Within the last 15 minutes, I have just gotten the busy bee brush-off once again, and I am taking this moment to focus on staying annoyed rather than moving in to feeling rather stupid, which is my reflex.  If I feel stupid, then the mistake was mine, and that is a more comfortable thought for me than being annoyed with someone else.  I can even move in to feeling hurt and rejected, even while fully understanding that this person had no intention to hurt or reject me, which is also more comfortable than annoyance.  Feeling stupid, hurt, and rejected makes me feel weak, and I am going to choose a different path right now than I have in the past.

Feeling annoyed makes me uncomfortable because it makes me think that I am opening myself up to the reality that I can and do annoy people without intending to do so.  Let me sit with that.  I annoy people.  I am lovable anyway.  I hurt people.  I am lovable anyway.

Busy bee is absolutely lovable, a wonderful person.  And I’m annoyed by something thoughtless that she did.  She might be annoyed with me for speaking two sentences for which she had not the time.  Is it worth thinking about for even seconds longer?  Only for the purpose of putting myself through this exercise of sitting with annoyance without turning it inward.  Acknowledging it and sitting with it is actually allowing me to move away from it.  There are times to be annoyed, but then move on as quickly as the mind will allow.

She is worthy of love, and so am I.

Sometimes recycling is not the best option

Paper and plastics only, along with thoughts worth reviewing.

Paper and plastics, along with thoughts worth reviewing.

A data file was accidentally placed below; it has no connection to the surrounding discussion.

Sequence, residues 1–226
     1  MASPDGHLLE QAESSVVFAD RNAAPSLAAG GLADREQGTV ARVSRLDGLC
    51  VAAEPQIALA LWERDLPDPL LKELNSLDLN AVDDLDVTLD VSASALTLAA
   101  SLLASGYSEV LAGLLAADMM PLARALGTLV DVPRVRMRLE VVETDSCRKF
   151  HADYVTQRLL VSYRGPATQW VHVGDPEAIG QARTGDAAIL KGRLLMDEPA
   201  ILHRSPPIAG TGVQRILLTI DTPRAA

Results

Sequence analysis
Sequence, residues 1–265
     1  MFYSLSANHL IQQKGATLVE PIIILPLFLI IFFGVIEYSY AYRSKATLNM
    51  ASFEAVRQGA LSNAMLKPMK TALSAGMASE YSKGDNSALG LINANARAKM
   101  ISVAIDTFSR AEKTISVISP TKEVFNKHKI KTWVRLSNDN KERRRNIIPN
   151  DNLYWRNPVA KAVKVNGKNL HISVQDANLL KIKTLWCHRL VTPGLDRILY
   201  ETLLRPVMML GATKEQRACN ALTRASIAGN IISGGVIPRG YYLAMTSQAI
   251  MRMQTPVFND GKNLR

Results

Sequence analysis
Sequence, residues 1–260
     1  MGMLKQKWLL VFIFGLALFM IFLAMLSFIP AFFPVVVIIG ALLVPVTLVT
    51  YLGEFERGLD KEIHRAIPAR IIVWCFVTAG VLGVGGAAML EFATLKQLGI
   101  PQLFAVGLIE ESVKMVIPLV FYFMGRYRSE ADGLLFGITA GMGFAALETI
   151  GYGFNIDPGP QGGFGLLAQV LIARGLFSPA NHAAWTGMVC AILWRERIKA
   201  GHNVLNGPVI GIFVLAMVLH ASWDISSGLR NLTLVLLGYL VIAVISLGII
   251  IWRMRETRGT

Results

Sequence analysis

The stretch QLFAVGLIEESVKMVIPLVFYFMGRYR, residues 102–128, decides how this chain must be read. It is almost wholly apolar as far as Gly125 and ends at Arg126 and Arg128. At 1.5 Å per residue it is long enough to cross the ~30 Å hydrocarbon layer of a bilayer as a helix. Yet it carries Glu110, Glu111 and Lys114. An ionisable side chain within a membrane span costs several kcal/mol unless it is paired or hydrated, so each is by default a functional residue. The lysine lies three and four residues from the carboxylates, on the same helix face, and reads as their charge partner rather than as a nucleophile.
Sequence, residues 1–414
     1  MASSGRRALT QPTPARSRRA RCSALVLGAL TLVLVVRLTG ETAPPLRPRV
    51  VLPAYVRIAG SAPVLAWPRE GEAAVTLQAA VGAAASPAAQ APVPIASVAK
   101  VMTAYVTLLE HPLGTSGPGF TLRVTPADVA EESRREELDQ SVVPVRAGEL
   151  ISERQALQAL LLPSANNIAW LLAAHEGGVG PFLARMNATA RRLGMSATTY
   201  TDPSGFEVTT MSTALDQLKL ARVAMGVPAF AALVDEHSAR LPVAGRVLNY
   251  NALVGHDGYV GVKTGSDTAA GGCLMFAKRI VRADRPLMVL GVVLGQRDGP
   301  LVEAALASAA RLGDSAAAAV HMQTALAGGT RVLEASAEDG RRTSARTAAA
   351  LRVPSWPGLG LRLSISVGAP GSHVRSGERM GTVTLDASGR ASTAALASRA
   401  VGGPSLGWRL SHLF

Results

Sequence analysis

Friends have made fun of me for years because I am such a recycler.  No piece of paper, plastic, or glass is too insignificant for me to put in the blue bin.  Yes, it should be a green bin, but that is for the yard waste in our town.  Recycling is a mental relief for this gal who was worried about the amount of trash in the world as a small child, but I have realized that I have been doing some very unhealthy recycling.

Too often, I review memories of myself behaving foolishly.  This is the opposite of a mental relief.  It is a quiet way for me to self-torture.  I must ask myself, as I frequently do, “Would I want my loved ones to do this to themselves?”  No, and in fact, I tend to mentally trash unnecessary memories of others’ foibles.  Shouldn’t I do the same for myself?

It is just dawning on me how self-centered these memory reviews are.  Not only do they feel lousy, but they ARE lousy.  Thinking about my most-enjoyed memories, I am not the star of most of them.  Wow.  Wow!  What an epiphany!

So, instead of habitually pricking my soul by bringing up images of myself doing things I wish I hadn’t, from silly to significant, I want to deliberately shut down those thoughts.  Since the lessons I have learned from my behavior have become a part of who I am, I don’t have to engage in this shame recycling in order to continue making wiser decisions.

The next time I catch myself playing one of these reruns in my head, I am going to hit pause, rip off the image like a piece of paper, and put it in the TRASH.  If I’m going to recycle moments, they might as well be my favorites.

Garbage and self-shaming thoughts HERE.

Garbage and self-shaming thoughts HERE.

Feathers and farewells

If you have a dog, then you may be familiar with the bond that can form with fellow dog-owning neighbors.  Most mornings, one of us takes our high-energy guy to the park for a game of long-distance fetch.  Months ago, we started seeing a young couple and their two dogs, white pit-mix Penny and black, bouncy border collie- mix Otter, at the park.

Eric is a lanky, quietly intelligent man with a boyish face and smile, and Jackie is a sharp woman with a laid-back, natural beauty, and a confident smile.  Eric is more overtly sensitive, and it was he who told me that they are moving this coming Saturday.  We knew the situation was developing, so it wasn’t a total surprise, but today would be our last meeting until they surface for a housewarming, miles and a bridge away.

When our dog Vasco is at home relaxing, he couldn’t be much more cuddly than he is.  During play, though, he is entirely focused on the ball.  Eric has been trying to pet Vasco for months, with very limited success.  Usually, he can’t even make contact.  It has always made me feel the tiniest bit bad, watching Vasco appear aloof to a kind soul who would love to just rub his head a little.